He always looks out
to sea –
the subtle drift, the swirling current,
the burst of spray against rocks
that’s like anger exploding.
I stand, hands on hips grown larger
with the miracle inside, waiting
for him to turn towards me,
to see the subtle drift
in my eyes,
to feel the swirling current
of my heart, and the burst of anger
that causes my hand to sometimes
tremor, if only just slightly.
But he does not turn.
Instead, I feel him free himself
from me like a boat that’s loosed itself
from its moorings and breaks
upon the sunlit waves
of a sea I cannot fathom.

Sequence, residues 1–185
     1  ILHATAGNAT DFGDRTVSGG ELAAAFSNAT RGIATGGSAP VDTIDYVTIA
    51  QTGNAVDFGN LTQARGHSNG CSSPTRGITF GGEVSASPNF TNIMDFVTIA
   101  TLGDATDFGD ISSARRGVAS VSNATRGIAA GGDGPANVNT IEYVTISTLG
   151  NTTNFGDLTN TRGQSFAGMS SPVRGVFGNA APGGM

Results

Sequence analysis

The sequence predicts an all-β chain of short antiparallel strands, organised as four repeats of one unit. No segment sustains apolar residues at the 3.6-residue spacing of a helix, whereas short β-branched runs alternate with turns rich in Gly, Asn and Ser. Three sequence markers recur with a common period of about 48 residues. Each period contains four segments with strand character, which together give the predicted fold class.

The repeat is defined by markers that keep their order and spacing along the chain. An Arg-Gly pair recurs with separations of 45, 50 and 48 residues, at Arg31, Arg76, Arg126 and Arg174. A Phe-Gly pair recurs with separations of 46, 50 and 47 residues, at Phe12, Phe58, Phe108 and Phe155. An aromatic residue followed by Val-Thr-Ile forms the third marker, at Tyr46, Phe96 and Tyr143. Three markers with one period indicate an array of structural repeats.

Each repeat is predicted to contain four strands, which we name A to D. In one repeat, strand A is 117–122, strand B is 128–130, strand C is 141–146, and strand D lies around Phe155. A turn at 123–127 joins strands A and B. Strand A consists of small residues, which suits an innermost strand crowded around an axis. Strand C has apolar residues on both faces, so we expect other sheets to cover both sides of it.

And as he turns from me,
I turn from him,
to the gilt-edged windows
and the sad elegance of the dome
of the Beaux-Arts building opposite.
The curtains float up like hands
and in one room there is movement.
It is so brief, I am not sure
of what it is
until I look again, but this time
with a steadiness that hurts my eyes.
And then I see what was only motion
a moment ago – the young man’s hand
catching the light,
reaching for a face that is too far
in shadow for me to see.
But this much I can tell:
he looks at that face as my husband has never
looked at me,
and I surrender to that young man’s hand
and drift and drift away.